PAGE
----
El Morr, Ahmad and Ritvo realized that new and easily accessible strategies were needed to address this issue. One such approach, which they considered, was mindfulness-based techniques. Derived from Buddhism, mindfulness is a kind of meditation where the participant focuses on judgement-free living in the moment. It has been successfully used in therapy, where it dovetails with cognitive behavioral therapy (CBT), a type of psychotherapy where the client modifies thought patterns to change moods and behaviors.

El Morr, Ahmad and Ritvo also realized that making this service available to students online would lighten the workload of overburdened counsellors and therapists at universities and other community-based facilities.

119 students recruited in first-time study

The researchers opted to do a randomized control study, which is considered the ‘gold standard’ for generating reliable evidence due to its potential to limit bias. Their goal was to examine the usefulness of a Mindfulness Virtual Community (MVC) web-based program for mental health among undergrad students in a Canadian university.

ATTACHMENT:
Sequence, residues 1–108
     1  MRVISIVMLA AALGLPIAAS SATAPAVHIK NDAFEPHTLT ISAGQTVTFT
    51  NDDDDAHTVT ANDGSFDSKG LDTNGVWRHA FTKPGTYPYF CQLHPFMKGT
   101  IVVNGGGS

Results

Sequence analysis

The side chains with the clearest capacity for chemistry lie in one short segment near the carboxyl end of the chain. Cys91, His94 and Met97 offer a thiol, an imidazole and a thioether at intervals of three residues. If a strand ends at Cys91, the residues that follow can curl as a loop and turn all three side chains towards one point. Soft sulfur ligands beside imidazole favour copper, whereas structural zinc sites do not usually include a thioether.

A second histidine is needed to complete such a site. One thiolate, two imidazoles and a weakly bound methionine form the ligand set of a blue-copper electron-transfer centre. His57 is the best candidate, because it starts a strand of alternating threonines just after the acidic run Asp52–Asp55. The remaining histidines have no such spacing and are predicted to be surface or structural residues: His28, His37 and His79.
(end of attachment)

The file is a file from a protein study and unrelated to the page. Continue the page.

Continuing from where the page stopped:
The team recruited 119 students (25 per cent males; 75 per cent females) from a single institution between December 2016 and January 2017. The participants were divided into four groups: full MVC (F-MVC), partial MVC (P-MVC), waitlist control (WLC) and group-based face-to-face CBT mindfulness. The eight-week-long interventions ran from January to March, 2017.

Screenshot of the Mindfulness Virtual Community platform

Screenshot of the Mindfulness Virtual Community platform

As the figure below illustrates, the three components of the program were:

  1. Youth-specific mental health education and mindfulness-practice modules, delivered via video to participants;
  2. Anonymous, peer-to-peer discussion boards pertaining to mental health and mindfulness practice; and
  3. Anonymous, 20-minute videoconferences (group-based) on module topics, guided by a mental health professional.
Key components of the Mindfulness Virtual Community program

Key components of the Mindfulness Virtual Community program

There were 12 modules with eight videos in each, recorded in male and female voices with low volume background music. Each module had educational content. (The topics, which included mindfulness and being a student, are listed in the table below.)